I've never implied that pixel quality should not be measured; what I have stressed is that it does not decribe or limit the image quality.  Therefore, I would not recommend just testing the pixels as you suggest.  Such a test should also be accompanied by image-level testing.

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because when you add additional pixels, you expect to get more resolution and image quality, and in real life, the differences between lens quality, AA filter strength, and sensor quality on individual pixel quality are far more significant than the effect of throwing another megapixel or two at the image to brute-force another 1/4-stop or so of DR.

Lens quality puts a limit on image MTF, but you can oversample the optics by a good margin before there are no remaining benefits.  Oversampled images are the easiest to correct for CA, perspective and geometrical distortions, rotation, etc, and result in finer CFA artifacts and negate negative aspects of AA filtering.

What you call "brute force" is really just better design.  Your negative connotations are an illusion.  More pixels on the same sensor size do not come at the expense of any of the qualities you mention, only at the expense of pixel quality, which does not have to come at the expense of image quality.

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Once you meaningfully and consistently evaluate per-pixel quality, comparing total image quality is a simple matter of multiplying pixel quality by pixel qualtity.
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No, it is a matter of the square root of pixel quantity.  IOW, if you double the amount of pixels, then you can take an increase of a half stop in pixel noise and maintain the same image noise, and the same DR, or with the same pixel quality, you can get 1/2 stop more DR or less noise.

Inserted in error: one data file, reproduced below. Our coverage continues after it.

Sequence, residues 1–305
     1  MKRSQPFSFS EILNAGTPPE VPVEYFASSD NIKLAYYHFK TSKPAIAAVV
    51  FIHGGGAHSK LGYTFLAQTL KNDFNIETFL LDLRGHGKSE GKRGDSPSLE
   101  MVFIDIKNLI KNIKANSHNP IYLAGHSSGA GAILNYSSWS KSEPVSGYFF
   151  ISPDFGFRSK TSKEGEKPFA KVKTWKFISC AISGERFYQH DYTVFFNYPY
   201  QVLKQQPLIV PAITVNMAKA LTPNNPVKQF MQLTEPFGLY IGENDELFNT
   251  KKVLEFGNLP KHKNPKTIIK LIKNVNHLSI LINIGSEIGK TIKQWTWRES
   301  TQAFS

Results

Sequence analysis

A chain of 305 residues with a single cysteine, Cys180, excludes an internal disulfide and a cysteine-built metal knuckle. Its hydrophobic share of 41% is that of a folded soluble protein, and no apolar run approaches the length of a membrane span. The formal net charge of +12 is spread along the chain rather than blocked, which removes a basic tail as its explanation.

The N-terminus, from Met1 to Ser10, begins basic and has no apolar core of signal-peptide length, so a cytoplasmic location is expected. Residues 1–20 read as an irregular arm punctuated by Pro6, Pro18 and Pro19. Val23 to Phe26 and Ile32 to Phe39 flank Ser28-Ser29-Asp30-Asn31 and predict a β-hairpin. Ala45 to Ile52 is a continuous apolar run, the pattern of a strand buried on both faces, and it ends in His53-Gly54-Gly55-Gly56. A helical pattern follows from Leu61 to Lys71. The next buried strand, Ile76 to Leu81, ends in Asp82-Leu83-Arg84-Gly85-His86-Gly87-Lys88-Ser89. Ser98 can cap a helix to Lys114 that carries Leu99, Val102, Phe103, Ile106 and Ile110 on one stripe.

You seem to be able to comprehend better image quality by extending the pixels, but you think that with lower pixel quality, you can never extend the pixels enough to get image quality as good or higher than any image with even slightly better pixels?  That is mathematically and physically preposterous.  You seem to be stuck on the idea that a pixel's quality has an absolute limit as to what it can do for an image.  That's just a pure falsehood.  We look at things all day long with individual photons striking surfaces in random locations, and it is not considered to be noise, nor do we consider it to limit DR.  It *is* what is really there.  Our retinas bin photons out of convenience, but we really don't need for them to be "pre-binned" with a loss of information (which is what is really happening with big pixels with low pixel noise and high pixel DR) ; our cameras do that out of necessity because of storage/transfer limitations and physical obstacles, and lack of vision on the part of designers as well, but we won't know how much until the physical obstacles are not as much of an issue.